Wall St. drifts before long weekend; consumer stocks up
U.S. stocks ended little changed on Friday ahead of the long holiday weekend, though indexes ended a two-week streak of losses and consumer shares were strong for a second day.
LONDON Riot police staged baton charges to try to disperse several hundred protesters gathered around the Bank of England in the heart of London's financial center on Wednesday after a day of protest against the G20 summit.
Demonstrators had earlier attacked a nearby branch of Royal Bank of Scotland in protest against a system they said had robbed the poor to benefit the rich. Hundreds of protesters converged on the bank, shattering three windows.
Rescued by the government in October, RBS and former boss Fred Goodwin, who controversially refused to give up a pension award of 700,000 ($1 million), became lightning rods for public anger in Britain over banker excess blamed for the crisis.
The protests were timed to coincide with a G20 meeting of the world's leading and emerging economies.
Protesters hurled paint bombs and bottles, chanting: "Our streets! Our banks!"
RBS said in a statement it was "aware of the violence" outside its branch and "had already taken the precautionary step" of closing central city of London branches.
As dusk fell, police charged against a hard core of anti-capitalist demonstrators in an attempt to disperse them before nightfall. Bottles flew through the air toward police lines and police on horseback stood by ready to intervene.
Some protesters set fire to an effigy of a banker hanging from a lamppost.
Police brought out dogs as they tried to channel the few hundred remaining protesters through the narrow streets surrounding the classical, stone-clad Bank of England.
Police said 32 protesters had been arrested by early evening and at least one officer was taken to hospital for treatment.
Some 4,000 protesters had thronged outside the central bank, and a Gucci store nearby was closed and its windows emptied.
Demonstrations were planned for Thursday at the venue in east London where world leaders will discuss plans to fight the financial crisis, police said.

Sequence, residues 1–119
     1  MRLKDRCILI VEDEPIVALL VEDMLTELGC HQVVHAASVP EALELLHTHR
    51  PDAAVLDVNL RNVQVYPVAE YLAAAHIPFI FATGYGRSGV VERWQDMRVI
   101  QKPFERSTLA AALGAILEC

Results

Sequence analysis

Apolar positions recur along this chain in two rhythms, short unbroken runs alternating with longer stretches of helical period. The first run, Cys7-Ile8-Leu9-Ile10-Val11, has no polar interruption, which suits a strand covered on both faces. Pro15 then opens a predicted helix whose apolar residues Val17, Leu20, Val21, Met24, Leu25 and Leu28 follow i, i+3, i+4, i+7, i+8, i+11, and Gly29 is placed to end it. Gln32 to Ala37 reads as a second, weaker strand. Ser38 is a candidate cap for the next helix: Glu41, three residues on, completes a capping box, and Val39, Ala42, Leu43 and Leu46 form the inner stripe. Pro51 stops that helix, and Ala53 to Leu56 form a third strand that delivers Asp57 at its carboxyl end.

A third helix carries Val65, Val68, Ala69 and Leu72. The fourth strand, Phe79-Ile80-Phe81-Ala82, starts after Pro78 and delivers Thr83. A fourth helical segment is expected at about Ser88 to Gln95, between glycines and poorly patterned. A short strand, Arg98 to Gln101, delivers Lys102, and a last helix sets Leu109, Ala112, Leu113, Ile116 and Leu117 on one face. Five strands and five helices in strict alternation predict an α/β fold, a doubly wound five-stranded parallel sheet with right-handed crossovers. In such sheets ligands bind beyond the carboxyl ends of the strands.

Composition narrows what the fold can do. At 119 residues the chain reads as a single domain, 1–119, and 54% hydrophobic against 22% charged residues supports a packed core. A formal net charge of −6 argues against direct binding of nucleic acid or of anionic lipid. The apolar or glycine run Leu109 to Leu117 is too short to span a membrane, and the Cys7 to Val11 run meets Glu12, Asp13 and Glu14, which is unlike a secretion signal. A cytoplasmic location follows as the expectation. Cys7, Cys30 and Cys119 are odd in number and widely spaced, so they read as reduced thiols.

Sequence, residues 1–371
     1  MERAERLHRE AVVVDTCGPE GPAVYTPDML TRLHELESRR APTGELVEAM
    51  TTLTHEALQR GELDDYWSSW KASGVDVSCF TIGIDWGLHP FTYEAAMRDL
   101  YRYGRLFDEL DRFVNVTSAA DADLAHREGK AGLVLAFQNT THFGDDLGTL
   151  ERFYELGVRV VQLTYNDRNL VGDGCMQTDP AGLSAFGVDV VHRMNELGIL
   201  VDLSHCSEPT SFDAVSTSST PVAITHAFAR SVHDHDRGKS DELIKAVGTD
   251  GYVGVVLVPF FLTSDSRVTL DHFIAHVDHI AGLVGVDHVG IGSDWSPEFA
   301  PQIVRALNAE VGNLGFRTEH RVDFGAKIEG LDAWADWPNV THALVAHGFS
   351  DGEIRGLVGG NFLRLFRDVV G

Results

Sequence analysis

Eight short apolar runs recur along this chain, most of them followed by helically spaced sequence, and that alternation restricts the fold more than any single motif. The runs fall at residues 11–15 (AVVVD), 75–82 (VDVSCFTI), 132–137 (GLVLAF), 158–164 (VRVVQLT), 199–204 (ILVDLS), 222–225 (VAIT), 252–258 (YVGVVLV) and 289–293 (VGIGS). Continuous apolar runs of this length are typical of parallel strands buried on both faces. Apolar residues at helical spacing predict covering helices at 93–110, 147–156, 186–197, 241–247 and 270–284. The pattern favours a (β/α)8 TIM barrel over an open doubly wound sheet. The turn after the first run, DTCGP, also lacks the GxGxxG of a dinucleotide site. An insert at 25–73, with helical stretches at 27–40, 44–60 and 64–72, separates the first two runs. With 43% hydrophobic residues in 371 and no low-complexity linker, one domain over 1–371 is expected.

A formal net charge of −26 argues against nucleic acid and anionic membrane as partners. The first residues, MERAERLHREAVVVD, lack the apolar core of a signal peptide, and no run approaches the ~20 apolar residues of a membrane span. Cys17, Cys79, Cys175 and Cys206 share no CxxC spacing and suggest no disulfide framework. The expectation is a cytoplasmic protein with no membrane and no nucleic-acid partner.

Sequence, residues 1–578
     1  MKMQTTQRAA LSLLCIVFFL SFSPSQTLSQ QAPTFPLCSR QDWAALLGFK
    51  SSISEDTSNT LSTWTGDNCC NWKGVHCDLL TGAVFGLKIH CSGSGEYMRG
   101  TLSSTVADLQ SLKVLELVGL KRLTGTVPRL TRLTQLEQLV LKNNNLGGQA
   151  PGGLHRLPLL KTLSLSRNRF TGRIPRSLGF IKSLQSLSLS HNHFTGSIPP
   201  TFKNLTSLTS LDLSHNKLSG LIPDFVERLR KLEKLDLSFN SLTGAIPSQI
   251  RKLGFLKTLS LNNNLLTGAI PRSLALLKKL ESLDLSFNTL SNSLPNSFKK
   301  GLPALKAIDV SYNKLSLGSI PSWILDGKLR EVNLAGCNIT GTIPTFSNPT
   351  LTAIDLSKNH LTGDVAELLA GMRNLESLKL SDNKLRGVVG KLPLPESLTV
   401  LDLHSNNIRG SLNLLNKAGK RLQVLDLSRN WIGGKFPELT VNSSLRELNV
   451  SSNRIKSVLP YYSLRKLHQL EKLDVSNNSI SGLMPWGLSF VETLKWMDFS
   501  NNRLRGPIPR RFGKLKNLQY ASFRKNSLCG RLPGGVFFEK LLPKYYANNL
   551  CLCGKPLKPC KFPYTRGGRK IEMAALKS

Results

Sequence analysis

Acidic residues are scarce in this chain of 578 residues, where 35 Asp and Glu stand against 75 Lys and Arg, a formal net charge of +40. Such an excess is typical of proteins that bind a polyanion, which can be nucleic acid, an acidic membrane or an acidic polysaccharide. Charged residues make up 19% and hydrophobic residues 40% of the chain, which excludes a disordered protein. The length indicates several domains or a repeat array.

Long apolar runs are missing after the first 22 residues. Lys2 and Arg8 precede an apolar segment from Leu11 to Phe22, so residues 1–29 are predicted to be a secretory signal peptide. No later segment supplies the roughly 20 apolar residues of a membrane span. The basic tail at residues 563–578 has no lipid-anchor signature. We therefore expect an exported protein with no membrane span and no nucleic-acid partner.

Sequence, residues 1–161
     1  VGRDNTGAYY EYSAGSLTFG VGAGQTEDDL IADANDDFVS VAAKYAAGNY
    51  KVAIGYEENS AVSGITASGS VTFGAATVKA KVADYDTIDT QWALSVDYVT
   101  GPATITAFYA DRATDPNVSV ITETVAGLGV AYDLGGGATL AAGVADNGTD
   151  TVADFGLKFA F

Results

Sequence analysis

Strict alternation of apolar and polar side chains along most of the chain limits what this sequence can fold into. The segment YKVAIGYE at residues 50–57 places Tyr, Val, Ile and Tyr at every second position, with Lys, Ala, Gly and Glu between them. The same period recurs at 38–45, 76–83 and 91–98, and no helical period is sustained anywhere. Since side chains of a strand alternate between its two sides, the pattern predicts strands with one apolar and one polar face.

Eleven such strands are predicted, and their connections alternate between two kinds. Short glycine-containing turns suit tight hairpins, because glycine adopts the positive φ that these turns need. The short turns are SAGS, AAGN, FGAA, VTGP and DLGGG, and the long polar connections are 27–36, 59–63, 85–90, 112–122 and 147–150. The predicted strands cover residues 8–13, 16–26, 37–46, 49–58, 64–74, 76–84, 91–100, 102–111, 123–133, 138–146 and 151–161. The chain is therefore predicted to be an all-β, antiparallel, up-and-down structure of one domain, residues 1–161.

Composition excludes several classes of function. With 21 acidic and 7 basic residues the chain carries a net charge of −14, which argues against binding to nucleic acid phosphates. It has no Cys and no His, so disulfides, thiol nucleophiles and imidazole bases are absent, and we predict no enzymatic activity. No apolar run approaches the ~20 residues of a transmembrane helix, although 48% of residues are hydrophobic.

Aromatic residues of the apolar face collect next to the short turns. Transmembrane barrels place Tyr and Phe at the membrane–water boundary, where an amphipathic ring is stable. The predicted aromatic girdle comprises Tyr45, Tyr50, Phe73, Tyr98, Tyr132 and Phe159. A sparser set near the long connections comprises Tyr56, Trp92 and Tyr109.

HORSEMEN OF THE APOCALYPSE
Earlier, protesters marched behind models of the "four horsemen of the apocalypse" representing financial crimes, war, climate change and homelessness.
Some threw eggs at police and chanted "build a bonfire, put the bankers on the top." Others shouted "jump" and "shame on you" at financial sector workers watching the march from office block windows.
"I am angry at the hubris of the government, the hubris of the bankers," said Jean Noble, a 60-year-old from Blackburn in northern England.
"I am here on behalf of the poor, those who are not going to now get their pension or who have lost their houses while these fat cats keep their bonuses, hide their money in tax havens and go and live where nobody can touch them."
A smaller demonstration against Britain's military role in Iraq and Afghanistan attracted several hundred people in Trafalgar Square, not far from parliament.
The protests, which brought together anti-capitalists, environmentalists, anti-war campaigners and others, were meant to mark what demonstrators called "Financial Fools' Day" -- a reference to April fool's day which falls on April 1.
Police stopped a military-style armored vehicle with the word "RIOT" printed on the front and a police spokesman said its 11 occupants were arrested for having fake police uniforms.
(Additional reporting by William Maclean; Writing by Peter Griffiths) .
WASHINGTON The U.S. economy slowed less than initially thought in the first quarter, but softening business investment and moderate consumer spending are clouding expectations of a sharp acceleration in the second quarter.
NEW YORK U.S. Securities and Exchange Commission chief Jay Clayton is expected to name Steven Peikin, a partner from his former law firm, to help lead enforcement at the agency, a person familiar with the matter told Reuters.